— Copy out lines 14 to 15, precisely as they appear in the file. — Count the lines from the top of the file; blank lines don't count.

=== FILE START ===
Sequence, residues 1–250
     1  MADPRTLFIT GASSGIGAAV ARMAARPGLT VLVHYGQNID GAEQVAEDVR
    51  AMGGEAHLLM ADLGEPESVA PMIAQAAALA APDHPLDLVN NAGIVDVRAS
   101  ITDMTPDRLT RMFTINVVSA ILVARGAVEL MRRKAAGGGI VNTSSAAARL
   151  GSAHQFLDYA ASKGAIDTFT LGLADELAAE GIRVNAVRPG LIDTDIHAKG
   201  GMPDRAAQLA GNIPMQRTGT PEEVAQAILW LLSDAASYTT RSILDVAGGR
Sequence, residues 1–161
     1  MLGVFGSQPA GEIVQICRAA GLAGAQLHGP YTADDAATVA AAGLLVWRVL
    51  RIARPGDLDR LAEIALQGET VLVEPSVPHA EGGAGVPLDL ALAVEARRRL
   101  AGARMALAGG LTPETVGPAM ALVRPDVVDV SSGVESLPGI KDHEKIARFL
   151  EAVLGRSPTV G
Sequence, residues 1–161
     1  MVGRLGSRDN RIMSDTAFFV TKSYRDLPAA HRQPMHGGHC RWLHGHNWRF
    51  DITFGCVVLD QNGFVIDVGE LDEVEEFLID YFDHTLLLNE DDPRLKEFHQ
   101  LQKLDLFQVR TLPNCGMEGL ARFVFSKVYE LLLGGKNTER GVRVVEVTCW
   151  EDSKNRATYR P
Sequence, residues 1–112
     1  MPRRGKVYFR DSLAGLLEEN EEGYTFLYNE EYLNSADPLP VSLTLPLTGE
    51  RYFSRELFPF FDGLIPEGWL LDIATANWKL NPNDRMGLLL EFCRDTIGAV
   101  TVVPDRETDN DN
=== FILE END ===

    51  DITFGCVVLD QNGFVIDVGE LDEVEEFLID YFDHTLLLNE DDPRLKEFHQ
   101  LQKLDLFQVR TLPNCGMEGL ARFVFSKVYE LLLGGKNTER GVRVVEVTCW